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Bond among aging child survivors remains strong

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Survivors who were children during the Holocaust gather during Chanukah JANICE ARNOLD PHOTO
Survivors who were children during the Holocaust gather during Chanukah JANICE ARNOLD PHOTO

MONTREAL – They are all over 70 now, but they will always be children of the Holocaust.

Montreal once had a very active child survivors/hidden children’s group, and an attempt is being made to revive it. The group was founded in the lead-up to an international conference held in the city in 1994 for these survivors.

But people died, moved away or drifted away, and the group’s activities fell off.

Charlotte Linzel, who was born in Berlin in 1932, organized a party during Chanukah that attracted more than 20 child survivors. She is hoping the group will start meeting regularly for social contact.

As many as 1.5 million of the approximately 1.6 million Jewish children who were living in the territories occupied by Germany or its allies perished, according to the United States Holocaust Memorial Museum.

“There are believed to be only 60,000 to 70,000 of us left,” said Leo Dortort, a native of Graz, Austria, and, at 87, one of the oldest.

Despite their modest numbers, those at the party hailed from a variety of countries: Germany, Austria, Poland, Ukraine, Hungary, France and Holland, among them.

During World War II, they were in concentration camps, in ghettos, in hiding, on the run or forced to flee Europe. What they have in common is greater than the different circumstances of their pasts, they say.

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Any Jewish person who experienced Nazi persecution before the age of 18 is eligible to be a member of the group, and the passage of time has not changed the initial impetus for them to gather.

“We have joined together to share our experience, to help us understand its effect on our lives, to provide support in our difficulties and to reaffirm our existence,” the original 1994 manifesto read.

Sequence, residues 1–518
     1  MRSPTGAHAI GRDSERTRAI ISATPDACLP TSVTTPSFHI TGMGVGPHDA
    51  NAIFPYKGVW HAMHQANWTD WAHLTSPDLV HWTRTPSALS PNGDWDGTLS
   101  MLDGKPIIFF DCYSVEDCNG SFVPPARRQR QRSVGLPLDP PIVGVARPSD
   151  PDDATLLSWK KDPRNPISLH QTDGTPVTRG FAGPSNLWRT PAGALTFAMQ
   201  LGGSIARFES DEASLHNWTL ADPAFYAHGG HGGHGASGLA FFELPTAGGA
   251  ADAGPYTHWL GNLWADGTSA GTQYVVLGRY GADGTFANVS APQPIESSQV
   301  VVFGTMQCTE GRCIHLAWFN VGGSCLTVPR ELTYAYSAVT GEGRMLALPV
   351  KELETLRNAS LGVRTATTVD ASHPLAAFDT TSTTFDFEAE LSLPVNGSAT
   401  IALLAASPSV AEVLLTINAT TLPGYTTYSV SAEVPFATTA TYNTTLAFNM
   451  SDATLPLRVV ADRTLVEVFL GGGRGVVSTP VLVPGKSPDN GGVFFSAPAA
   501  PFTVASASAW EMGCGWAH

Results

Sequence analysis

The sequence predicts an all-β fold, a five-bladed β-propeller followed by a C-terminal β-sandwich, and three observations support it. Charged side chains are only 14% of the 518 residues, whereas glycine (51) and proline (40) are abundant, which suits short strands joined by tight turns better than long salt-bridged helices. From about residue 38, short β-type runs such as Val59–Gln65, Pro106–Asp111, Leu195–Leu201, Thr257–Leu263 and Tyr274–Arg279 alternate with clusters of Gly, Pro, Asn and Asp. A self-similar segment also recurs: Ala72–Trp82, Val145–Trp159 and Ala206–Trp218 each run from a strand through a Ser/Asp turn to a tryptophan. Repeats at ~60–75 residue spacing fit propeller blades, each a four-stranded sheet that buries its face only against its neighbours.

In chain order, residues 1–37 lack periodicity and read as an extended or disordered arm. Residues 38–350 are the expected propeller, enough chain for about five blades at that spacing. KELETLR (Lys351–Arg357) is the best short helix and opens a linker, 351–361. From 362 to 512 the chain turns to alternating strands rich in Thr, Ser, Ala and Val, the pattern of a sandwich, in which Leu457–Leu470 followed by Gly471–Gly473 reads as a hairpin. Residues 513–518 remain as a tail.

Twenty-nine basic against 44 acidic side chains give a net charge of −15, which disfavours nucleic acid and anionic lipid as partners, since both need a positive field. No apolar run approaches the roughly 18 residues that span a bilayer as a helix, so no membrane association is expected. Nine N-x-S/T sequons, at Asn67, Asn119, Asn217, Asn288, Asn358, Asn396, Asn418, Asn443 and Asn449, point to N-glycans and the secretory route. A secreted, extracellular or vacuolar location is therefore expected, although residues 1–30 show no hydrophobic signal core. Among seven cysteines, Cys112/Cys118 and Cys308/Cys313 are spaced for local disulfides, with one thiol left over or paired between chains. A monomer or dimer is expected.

By the 1970s, child survivors around the world were recognizing themselves as “the forgotten generation” of survivors and distinguishing themselves from the “second generation,” those born to survivors after the war.

The primary purpose of the Montreal group was and is to provide a space where these survivors can share their feelings with others like themselves.

“It was the first time I had heard about this category,” said Polish-born Paula Bultz, one of the founders of the group in 1994. “We had experiences nobody had ever talked about before, we had no outlet. But with each other, we could say things we couldn’t say elsewhere…

“We understood each other, and we were healing ourselves, and it gave us courage to speak out.” She was going on four when the war broke out.

Linzel, born just as the Nazi era began, feels she never had a normal childhood.

“We still feel connected after all these years,” she said of the group. “The bond is very strong.”

Although the group is independent, its members have worked closely with the centre on committees, as guides or speaking in schools.

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